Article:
‘Tis the season: The clock struck midnight, fireworks were lit, Auld Lang Syne was sung, and 2012 stands before us full of possibilities. For many this is a time of resolution making and goal setting as we endeavor into a new year, hoping that this one will be better than the last. Our inspirations and aspirations run high and our motivation runs deep. However, many of us can also relate to the difficulty of maintaining that motivation and inspiration as the hours of the new year turn into days, those days into weeks, and those weeks into months. Setting goals that are SMART—Specific, Measurable, Attainable, Realistic/Relevant, and Timely—can help you harness your inspiration and maintain your motivation towards making the changes you desire in your life.
How many times have you set a goal for yourself only to realize that, though your goal is something you feel passionately about, you just don’t know where to start to make it happen? Often this difficulty arises when our goals are vague or general, such as, “I want to get better grades,” or “I want more balance between work (or school) and my family and friends.” These are great aspirations and guiding thoughts, but they don’t include much structure to help guide you towards reaching that goal. Making sure your goal is specific can help tremendously in figuring out where to start in order to reach your goal. For example, saying, “I want to learn the jive,” is much more specific than saying, “I want to learn to dance,” in the same way that “I want to improve my Chemistry grade,” is more specific than “I want to get better grades.”
Once you have a specific goal identified, the next step is to make that goal measureable; in other words, identify a specific way to measure your progress. I can think of many times when I set goals for myself only to get frustrated when I wasn’t able to see any progress towards the goal. People tend to respond best when we see that the work we are putting towards something is paying off in some way, and making your goals measurable is one way to keep that motivation and inspiration going. A measurable step towards improving a Chemistry grade may be, “I will study Chemistry for one hour three nights per week.” A measurable step towards learning the jive may include taking jive dance lessons two nights each week for the next month. Perhaps a measurable goal for finding more balance between work and family or friends could include turning off your cell phone and not checking email between 6:00 and 8:00 at night.
Setting measurable goals is only effective if the goal is also something that you can actually achieve. Think about setting goals that aren’t so lofty that the likelihood of success is pretty low, but you also don’t want goals that are too easy because you may not value them as much. Is your goal possible? Do you believe you can reach your goal? If the answer to either of those questions is “No,” then it might be worth reworking your goal into something that will be achievable and that you do believe you can accomplish. Through this process you may also need to identify what you are willing to give up in order to accomplish your goal. Are you willing to give up that favorite t.v. show to study Chemistry? Are you willing to have more emails to respond to the next morning if you turn off your computer and phone in the evening?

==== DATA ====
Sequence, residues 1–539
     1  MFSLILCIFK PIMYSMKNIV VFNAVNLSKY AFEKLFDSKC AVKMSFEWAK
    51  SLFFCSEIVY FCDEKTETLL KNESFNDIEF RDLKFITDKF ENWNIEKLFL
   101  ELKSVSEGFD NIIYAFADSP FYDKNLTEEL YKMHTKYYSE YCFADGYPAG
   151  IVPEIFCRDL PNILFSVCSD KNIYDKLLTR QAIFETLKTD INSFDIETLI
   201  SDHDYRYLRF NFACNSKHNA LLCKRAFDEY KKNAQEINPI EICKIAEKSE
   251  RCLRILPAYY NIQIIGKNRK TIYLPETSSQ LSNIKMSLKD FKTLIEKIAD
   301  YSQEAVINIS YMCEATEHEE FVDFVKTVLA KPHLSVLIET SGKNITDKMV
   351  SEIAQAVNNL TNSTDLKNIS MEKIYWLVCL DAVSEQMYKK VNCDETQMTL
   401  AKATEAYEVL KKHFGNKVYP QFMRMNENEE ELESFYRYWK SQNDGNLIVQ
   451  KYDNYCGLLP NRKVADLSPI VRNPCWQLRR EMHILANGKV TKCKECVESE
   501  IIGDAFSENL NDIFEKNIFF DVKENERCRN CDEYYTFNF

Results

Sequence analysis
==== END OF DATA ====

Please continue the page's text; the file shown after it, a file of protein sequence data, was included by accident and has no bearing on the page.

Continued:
Part of evaluating how attainable your goal is includes evaluating if your goal is realistic and relevant to your life right now. For a goal to be relevant it must matter to you. Does your goal matter? Does it feel important? If I said, “I want to be an award winning jive dancer within the next six months,” you could say that my goal is specific, measurable, and possibly attainable, if (and it is a big IF) I were dancing day in and day out with the best instructors with no distractions from other parts of my life and no with no injuries. With all of these caveats and as someone who has never danced the jive, this goal is likely not realistic. If you have a job that requires that you be on-call to others during the evening hours, setting a goal of turning off your phone and computer every night may not be realistic. In these situations, you may need to reconsider a measurable goal that will be realistic and relevant in the context of your life at this time.
Speaking of time, setting a time frame for reaching your goal can be very helpful for motivating you and keeping you on task. As we have already discussed, the time frame should be realistic, and you may also need to break your goals into smaller time-bound steps in order to reach them. For example, I may set a goal of attending jive lessons two times per week for three months. After those three months are up (or when I am getting close to the deadline), I will set another goal of attending jive dance classes three times per week during the next session which lasts eight weeks.
Putting the pieces of SMART goals together will increase the likelihood that you will be able to reach these aspirations you have for yourself during the upcoming year. We don’t generally set goals that we don’t want to reach and walking through this SMART process will hopefully help you reach those goals and continue to improve your life.